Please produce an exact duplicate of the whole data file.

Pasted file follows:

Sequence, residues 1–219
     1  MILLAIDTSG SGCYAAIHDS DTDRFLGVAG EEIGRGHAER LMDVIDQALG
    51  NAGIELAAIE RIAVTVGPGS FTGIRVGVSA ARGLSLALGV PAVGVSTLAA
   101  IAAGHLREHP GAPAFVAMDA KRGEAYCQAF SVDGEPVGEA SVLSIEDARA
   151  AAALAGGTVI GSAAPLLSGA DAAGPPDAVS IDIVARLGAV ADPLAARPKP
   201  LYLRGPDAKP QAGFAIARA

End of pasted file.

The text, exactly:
Sequence, residues 1–219
     1  MILLAIDTSG SGCYAAIHDS DTDRFLGVAG EEIGRGHAER LMDVIDQALG
    51  NAGIELAAIE RIAVTVGPGS FTGIRVGVSA ARGLSLALGV PAVGVSTLAA
   101  IAAGHLREHP GAPAFVAMDA KRGEAYCQAF SVDGEPVGEA SVLSIEDARA
   151  AAALAGGTVI GSAAPLLSGA DAAGPPDAVS IDIVARLGAV ADPLAARPKP
   201  LYLRGPDAKP QAGFAIARA